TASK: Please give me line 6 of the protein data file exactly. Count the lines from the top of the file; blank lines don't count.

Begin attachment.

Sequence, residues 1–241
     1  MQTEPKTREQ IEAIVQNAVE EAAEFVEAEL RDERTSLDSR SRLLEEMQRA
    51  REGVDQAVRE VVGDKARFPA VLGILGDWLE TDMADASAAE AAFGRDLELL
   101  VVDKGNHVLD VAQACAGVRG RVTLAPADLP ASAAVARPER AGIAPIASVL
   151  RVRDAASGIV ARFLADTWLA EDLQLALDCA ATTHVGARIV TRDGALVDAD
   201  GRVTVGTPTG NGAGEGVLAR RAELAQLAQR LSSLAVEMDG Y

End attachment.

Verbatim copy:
   201  GRVTVGTPTG NGAGEGVLAR RAELAQLAQR LSSLAVEMDG Y